Further Letter to MP regarding Foetal Cell Lines in Vaccine Production and Testing

Dear & Honourable Mr Burghart,

Thank you for your response of 15 March 2021, in which you addressed my concerns that many vaccines in the UK, including those for the current covid-19 crisis, are sometimes produced and usually tested in human cells derived from aborted foetuses.

You rightly quote from the 2017 document of the Pontifical Academy for Life (which if I may compare Vatican documents to Parliamentary ones, is a kind of Select Committee report for Catholics); this states

we believe that all clinically recommended vaccinations can be used with a clear conscience and that the use of such vaccines does not signify some sort of cooperation with voluntary abortion.

Taken alone, this statement might appear to be an unproblematic invitation to Catholics to simply accept any vaccine offered. However, this statement must be read alongside the more formal 2008 document Dignitas Personae, which has a weight comparable to a manifesto committment made by a winning party. Here paragraph 35 sets out clearly that Catholics who accept a tainted vaccine for the sake of the common good must lobby Government and industry until an untainted alternative can be provided.

I am grateful that you have indicated a willingness to “explore the issue” with colleagues in the Department of Health and Social Care. Since my first letter to you, it has come to my attention that the US-based Charlotte Lozier Institute is collating research on whether foetal cell-lines are used in the development, mass production and testing of numerous covid-19 vaccines, with results tabulated online. There are now a number of vaccines available – though not yet cleared through UK safety testing – which make no use whatsoever of foetal cell-lines.

The UK is a pioneer in the field of diversity, requiring by law reasonable adjustments to accommodate disability and respecting a wide range of sexual preferences in orientation and identity. It would be entirely in keeping with our committment to diversity to recognise that adherents of certain religions are duty bound to avoid abortion-tainted vaccines whenever possible, and for the NHS to respond by ensuring that at least of one these untainted vaccines is put forward for regulatory approval and then made available for use at a small number of regional centres to which conscientious objectors could travel.

I received my first dose of the problematic AstraZeneca vaccine in March and will therefore receive the second dose as scheduled in June, but I would avail of any ethical alternative provided should booster shots become necessary in due course.

Thank you for taking my concerns seriously, and I hope this further information will be of use as you explore the issues further with colleagues at DHSC.

Yours Sincerely,

Revd Dr Gareth Leyshon

Letter to MP regarding Foetal Cell Lines in Vaccine Production and Testing

The Vatican has advised Catholics that they may use any covid-19 vaccine produced or tested using cell lines which originate in historic abortions, as long as they have a serious reason for doing so. Given the lethal potential of this virus, the impact on one’s dependents and the capacity of the health service, as well as the growing evidence that vaccines reduce a person’s ability to spread covid-19, such a serious reason exists in this case. But Catholics are also asked to put “pressure on the political authorities and health systems so that other vaccines without moral problems become available”. I recently sent this letter to my MP and am happy to make the text available for others to use freely.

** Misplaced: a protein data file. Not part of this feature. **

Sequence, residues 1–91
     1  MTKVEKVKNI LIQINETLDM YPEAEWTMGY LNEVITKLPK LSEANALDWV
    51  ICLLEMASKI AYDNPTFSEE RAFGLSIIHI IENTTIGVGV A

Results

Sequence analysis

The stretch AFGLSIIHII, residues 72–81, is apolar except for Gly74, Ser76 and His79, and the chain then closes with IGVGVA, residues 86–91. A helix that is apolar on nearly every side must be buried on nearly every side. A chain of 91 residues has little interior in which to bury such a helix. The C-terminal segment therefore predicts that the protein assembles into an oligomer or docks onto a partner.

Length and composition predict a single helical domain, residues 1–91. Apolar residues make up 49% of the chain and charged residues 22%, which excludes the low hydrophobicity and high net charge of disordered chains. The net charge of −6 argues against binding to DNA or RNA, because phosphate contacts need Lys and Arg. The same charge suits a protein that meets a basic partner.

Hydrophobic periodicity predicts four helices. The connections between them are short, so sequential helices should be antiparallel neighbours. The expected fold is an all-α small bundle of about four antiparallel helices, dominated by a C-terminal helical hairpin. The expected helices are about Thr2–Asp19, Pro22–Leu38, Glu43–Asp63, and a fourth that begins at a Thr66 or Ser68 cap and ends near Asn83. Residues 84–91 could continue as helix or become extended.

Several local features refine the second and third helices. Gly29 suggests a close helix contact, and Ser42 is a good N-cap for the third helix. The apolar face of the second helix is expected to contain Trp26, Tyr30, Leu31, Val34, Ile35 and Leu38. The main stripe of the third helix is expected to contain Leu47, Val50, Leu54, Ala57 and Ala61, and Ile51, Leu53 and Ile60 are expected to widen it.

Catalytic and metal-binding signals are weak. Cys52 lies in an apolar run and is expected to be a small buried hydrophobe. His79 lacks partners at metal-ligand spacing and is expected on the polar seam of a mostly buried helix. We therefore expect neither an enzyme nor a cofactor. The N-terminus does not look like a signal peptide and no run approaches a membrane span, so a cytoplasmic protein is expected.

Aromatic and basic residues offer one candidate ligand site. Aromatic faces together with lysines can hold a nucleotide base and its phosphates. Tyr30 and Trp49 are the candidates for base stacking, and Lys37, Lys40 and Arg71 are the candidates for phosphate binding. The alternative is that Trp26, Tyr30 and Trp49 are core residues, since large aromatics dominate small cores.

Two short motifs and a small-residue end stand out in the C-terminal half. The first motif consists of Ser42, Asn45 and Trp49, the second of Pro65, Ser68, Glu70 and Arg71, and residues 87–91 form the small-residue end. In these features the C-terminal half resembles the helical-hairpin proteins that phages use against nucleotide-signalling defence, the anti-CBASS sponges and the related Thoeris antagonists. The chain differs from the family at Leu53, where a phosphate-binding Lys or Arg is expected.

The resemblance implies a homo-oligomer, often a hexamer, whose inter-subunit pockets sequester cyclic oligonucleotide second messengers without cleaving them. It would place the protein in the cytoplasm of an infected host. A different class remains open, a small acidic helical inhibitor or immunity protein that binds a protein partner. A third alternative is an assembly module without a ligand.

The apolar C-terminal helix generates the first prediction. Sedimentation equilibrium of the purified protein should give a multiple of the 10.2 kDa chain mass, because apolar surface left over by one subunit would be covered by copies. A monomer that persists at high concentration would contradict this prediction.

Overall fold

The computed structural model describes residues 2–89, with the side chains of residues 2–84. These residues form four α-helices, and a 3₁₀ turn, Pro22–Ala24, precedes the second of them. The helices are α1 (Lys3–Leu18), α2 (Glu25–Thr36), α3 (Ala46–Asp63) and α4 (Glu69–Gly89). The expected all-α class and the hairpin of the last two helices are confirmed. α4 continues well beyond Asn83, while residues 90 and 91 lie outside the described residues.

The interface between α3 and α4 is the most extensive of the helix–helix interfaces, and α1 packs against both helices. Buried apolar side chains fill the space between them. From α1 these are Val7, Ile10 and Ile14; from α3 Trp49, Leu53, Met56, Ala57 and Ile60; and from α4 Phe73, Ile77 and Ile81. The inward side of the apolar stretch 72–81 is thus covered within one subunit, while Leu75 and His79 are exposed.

Dear (MP Name), I am a constituent resident at (give your address, as the MP must known you are a constituent to deal with your message.)


The rush to produce and deploy vaccines on a global scale has brought a new focus on the ways in which vaccines are manufactured and tested using products derived from aborted human foetuses. This applies not only to covid-19 vaccines but other vaccines which have been in routine use for children and adults, for many years. 

I am sure you will recognise that this is distasteful to many, and a moral red line for some, even though it has been a scientific ‘necessity’ to achieve the ends of life-saving vaccinations for much of the last 50 years. Should the Government move to introduce any kind of vaccine ‘passport’ scheme, this will place conscientious objectors to such vaccines in a very difficult position.

Let me make my own stance clear: when I am called to receive a vaccine, I will accept it as the socially responsible thing to do, but with a heavy heart; I will seek to receive an mRNA vaccine (not developed, only tested, in embryo cell lines) rather than the other options if I have any freedom to do so; and I am raising my voice in protest at the limited options available by the act of writing this letter.

Due to my own religious and moral views, I would very much prefer that abortion were outlawed; but I recognise that this is not an achievable goal in the UK in the foreseeable future. Based on scientific evidence, I recognise that there are strong advantages to the pharmaceutical industry in comparing new products against well-established standards derived from embryo cell lines; moving away from these standards is not technically impossible but requires the force of funding and legislation to overcome inertia.

As my Parliamentary representative, I would therefore ask you to work towards two goals, which would at least move towards minimising the issues for conscientious objectors and maximising the uptake of future vaccines. These goals are: